There’s a fabulous recipe for corn chowder in Coming Home to Eat (oooh, good news, it’s being re printed and should be available soon), but a quick version (let’s face it, that’s what we most often do). Before I start, just know you can add as much vegetable or stock as you like.  Add some ghee, chicken fat, olive or  coconut oil to the base of the pan, add diced potato (helps thicken it), I like pumpkin, leek or onion – you can see mine above, I also added a good handful of basil because I have tons. Pinch of salt. Cook over a gentle heat for 10 minutes, stirring every now and then (you are developing a flavour base). Add the stock, and the corn cob (you’ve cut the corn kernels off it to add later), cook gently (don’t boil madly) until those base vegetables are cooked. Add the lighter cooking vegetables – corn kernels, zucchini and kale. Cook for 8 – 10 minutes until they are just tender, add chopped basil. Taste and season as desired – I like a bit of fish sauce. If you would like (and I did) take some of the soup out and blend it (add it back) before adding the corn, etc. It makes a thicker broth.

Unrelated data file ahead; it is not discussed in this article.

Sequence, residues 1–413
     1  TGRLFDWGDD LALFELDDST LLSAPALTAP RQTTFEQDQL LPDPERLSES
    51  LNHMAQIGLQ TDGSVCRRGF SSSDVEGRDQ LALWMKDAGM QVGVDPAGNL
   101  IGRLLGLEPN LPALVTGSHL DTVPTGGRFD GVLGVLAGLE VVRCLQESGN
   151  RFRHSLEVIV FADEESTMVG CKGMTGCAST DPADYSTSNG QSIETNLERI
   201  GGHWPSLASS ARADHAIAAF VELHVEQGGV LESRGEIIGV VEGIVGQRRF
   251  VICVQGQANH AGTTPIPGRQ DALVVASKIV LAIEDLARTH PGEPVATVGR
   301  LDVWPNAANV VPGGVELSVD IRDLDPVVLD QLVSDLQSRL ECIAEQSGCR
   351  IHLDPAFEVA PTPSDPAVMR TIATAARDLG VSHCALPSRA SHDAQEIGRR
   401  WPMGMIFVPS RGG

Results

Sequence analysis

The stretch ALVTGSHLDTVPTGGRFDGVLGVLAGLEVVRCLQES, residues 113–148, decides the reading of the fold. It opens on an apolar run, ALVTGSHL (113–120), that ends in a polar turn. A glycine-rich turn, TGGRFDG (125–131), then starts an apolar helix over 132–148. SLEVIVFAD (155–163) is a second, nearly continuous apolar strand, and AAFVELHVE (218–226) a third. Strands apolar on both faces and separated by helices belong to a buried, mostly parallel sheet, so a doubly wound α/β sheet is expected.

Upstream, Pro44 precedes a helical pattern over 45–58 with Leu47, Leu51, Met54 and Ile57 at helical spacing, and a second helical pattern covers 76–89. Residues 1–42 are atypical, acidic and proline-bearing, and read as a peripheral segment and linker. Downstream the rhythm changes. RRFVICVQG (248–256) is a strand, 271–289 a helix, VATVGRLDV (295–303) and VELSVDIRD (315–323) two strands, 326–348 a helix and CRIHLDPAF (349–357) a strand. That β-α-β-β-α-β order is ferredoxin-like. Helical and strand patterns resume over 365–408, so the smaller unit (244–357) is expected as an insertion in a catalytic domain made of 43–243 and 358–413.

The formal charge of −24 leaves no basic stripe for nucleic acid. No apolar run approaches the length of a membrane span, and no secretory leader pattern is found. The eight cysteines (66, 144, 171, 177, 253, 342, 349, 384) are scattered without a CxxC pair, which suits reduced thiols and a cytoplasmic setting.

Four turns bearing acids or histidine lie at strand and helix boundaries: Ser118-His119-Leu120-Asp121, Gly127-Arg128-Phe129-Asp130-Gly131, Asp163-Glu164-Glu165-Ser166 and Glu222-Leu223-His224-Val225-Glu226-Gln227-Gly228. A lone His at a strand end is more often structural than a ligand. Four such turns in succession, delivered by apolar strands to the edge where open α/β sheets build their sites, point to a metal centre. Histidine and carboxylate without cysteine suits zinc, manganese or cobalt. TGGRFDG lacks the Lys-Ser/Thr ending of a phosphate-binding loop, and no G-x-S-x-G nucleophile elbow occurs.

Pack A Little Snack

TOMATO AND BASIL BARLEY PIKeLETS

A little snack pack in preparation for me to take on the road in case hunger strikes

These have been getting a fairly good run in my kitchen of late, mostly because they are so quick to put together, are delicious and keep well. They also pack exceptionally well, and will welcome a host of added extras – goat cheese and pesto spread on top is a particularly good combination. They are a great morning tea/snack after my usual breakfast – eggs any way, with ghee and seasonal vegetables – right now that’s often zucchini, corn and kale. Coby and Zay helped me make those ones in the picture this morning – they are my neices children. Coby walked in the door and said “lets make muffins” – thinking this was too much to do (lazy on my part really) I suggested pikelets, no Coby wanted muffins, so I told him they were muffins :). 

Coby loves to eat flour – ate about as much as he put in the bowl, plus lots on the bench and floor you can’t see